“Earthers, Martians—they see us as their possessions, animals”
The section title above is a quote from Dawes in “The Seventh Man.” His words draw attention to the uneven power dynamic between Inners and Belters that we see playing out throughout The Expanse. In the Belters, indeed, we find the clearest articulation of the hierarchical understating of the human at the heart of the Anthropocene and of the links between this epoch and colonialism.
As Henning notes, those who are working on making space colonization a reality appear to be wilfully ignoring how colonialism brought about immense devastation on our planet, including, as Whyte underlines, environmental devastation. Characters in The Expanse use images from the colonial era to understand the protomolecule’s existential threat. For instance, upon seeing what seems to be an impossible sight—the protomolecule-hybrid—Holden tells Alex: “When the European tall-ships first arrived on the American continent, the natives couldn’t see them. The sight was so completely outside of their experience, they just couldn’t compute.” Alex responds: “Those natives all got wiped out in the end, didn’t they? If that thing out there really is some sort of human-protocrap hybrid, then we’re yesterday’s model. Obsolete” (“The Monster and the Rocket”). Pondering the colonization of what lies beyond the Ring System, Avasarala observes that “When Columbus arrived, at least he knew what was waving at him was human” (“New Terra”). These moments indicate that The Expanse’s humankind is worried about the prospect of being colonized and annihilated by an alien species. Yet, it’s evident that human colonization of the Sol system has already replicated the violence of old colonial patterns.
The exploitation of the Belt’s resources—both natural and human—is a form of colonialism grounded in the belief that Belters aren’t, in fact, fully human. As an OPA activist explains, “to them, we will always be slaves. That’s all we are to the Earthers and Dusters. They built their solar system on our backs, spilled the blood of a million of our brothers. But in their eyes, we’re not even human anymore” (“Dulcinea”). Eros is chosen for the protomolecule experiment because Belters are viewed as “animals to test their [Inners] new weapons on” (“The Seventh Man”). For the same reason, Belters are victims of environmental injustices, from the exposure of Anderson Station’s children to the health hazards of living in a low oxygen environment (“Back to the Butcher), to the refugees created by the collapse of Ganymede. Indeed, as a “race of exiles in space” (“The Big Empty”), all Belters are de facto climate refugees produced by the Anthropocene on Earth.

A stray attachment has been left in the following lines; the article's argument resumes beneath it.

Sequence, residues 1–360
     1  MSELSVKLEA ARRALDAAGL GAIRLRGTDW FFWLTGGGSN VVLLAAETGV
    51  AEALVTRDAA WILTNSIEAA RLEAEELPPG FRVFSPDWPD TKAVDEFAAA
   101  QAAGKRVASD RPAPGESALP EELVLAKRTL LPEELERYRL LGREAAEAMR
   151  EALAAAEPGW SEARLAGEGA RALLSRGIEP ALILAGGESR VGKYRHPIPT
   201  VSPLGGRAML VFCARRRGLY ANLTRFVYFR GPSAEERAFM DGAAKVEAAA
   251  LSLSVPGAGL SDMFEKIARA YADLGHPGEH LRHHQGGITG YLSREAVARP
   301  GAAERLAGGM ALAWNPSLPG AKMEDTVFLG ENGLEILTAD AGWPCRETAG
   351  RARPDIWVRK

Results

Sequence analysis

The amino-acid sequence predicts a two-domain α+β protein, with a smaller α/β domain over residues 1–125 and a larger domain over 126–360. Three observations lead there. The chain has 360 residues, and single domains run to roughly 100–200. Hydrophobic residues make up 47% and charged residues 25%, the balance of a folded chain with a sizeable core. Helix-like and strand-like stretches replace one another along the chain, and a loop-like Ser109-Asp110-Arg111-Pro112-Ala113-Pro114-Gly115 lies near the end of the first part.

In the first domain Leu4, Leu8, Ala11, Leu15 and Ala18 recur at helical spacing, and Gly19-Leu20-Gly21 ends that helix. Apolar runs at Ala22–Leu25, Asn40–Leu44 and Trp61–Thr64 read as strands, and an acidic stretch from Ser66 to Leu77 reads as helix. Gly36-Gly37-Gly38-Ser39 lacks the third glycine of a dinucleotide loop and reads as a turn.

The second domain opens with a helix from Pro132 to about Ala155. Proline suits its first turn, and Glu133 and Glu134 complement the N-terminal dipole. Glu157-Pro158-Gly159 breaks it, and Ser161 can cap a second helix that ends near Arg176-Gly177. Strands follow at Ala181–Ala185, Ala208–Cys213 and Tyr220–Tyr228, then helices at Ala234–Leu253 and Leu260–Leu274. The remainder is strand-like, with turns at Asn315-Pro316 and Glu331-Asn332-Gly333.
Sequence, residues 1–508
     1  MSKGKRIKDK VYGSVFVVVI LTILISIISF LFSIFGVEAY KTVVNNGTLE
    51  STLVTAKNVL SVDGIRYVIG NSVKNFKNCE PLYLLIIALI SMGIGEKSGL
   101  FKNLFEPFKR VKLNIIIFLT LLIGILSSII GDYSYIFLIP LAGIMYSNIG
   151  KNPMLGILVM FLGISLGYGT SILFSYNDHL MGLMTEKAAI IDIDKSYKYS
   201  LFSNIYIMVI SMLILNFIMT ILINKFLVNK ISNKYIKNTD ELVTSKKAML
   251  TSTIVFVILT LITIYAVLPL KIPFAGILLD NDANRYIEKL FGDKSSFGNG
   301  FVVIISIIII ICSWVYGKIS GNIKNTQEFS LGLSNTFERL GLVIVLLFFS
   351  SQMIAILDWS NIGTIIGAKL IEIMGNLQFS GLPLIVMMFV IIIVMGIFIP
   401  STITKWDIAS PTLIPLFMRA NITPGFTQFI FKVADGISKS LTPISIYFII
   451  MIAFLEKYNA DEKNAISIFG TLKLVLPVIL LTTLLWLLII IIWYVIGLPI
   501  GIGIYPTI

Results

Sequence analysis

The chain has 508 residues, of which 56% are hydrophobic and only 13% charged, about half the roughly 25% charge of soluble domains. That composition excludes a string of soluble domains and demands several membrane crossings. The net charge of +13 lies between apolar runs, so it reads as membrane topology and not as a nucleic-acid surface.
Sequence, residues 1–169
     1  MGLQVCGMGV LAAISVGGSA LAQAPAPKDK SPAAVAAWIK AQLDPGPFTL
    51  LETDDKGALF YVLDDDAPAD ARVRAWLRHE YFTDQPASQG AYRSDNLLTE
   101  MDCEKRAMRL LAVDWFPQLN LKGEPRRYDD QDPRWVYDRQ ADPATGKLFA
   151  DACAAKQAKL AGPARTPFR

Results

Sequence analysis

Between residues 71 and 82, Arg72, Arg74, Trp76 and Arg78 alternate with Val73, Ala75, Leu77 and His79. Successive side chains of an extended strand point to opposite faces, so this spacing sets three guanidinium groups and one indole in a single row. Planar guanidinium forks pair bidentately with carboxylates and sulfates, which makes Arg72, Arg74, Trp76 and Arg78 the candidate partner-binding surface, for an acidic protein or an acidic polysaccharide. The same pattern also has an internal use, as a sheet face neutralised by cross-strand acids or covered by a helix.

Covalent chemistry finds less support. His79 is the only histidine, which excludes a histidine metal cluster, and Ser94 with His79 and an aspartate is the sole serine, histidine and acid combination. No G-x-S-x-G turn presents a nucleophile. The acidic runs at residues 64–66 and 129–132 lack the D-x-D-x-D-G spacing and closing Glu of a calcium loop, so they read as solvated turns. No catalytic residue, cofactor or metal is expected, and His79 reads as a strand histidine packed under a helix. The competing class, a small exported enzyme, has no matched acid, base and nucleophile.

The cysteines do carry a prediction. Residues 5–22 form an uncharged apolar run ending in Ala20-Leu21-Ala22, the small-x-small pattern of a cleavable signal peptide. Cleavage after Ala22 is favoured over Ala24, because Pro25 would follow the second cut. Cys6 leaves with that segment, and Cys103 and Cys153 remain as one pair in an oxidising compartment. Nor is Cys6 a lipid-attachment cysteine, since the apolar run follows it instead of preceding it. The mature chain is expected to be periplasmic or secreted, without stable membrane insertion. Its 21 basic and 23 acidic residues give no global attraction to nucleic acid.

The Expanse’s humanity, therefore, ends up exporting to its Planet Bs not only the Anthropocene’s anthropocentrism but also its environmental injustices and stratified understanding of what we value as fully human. Failing to address these worldviews in an ethical paradigm shift repeats the mistakes made on Earth’s garden.
“Doing nothing is just as bad as doing the wrong thing”
Where does The Expanse leave us in relation to the challenges of this epoch? Holden firmly holds on to the possibility of justice, even in the face of atrocities like the genocide on Eros (“Safe”). As Alex explains, the Roci’s philosophy is that “You can talk all day long about, you know, looking out for yourself, minding your own business, just trying to survive. It all boils down to an excuse and that excuse ain’t worth a good goddamn thing when the world is burning down around you. Doing nothing is just as bad as doing the wrong thing” (“Doors & Corners”).
When the world is quite literally burning down around us due to climate change—think the Australian bushfires emergency—the Roci’s crew remind us of the importance of the fight for environmental justice and for a different ethics in our relationships with the rest of nature.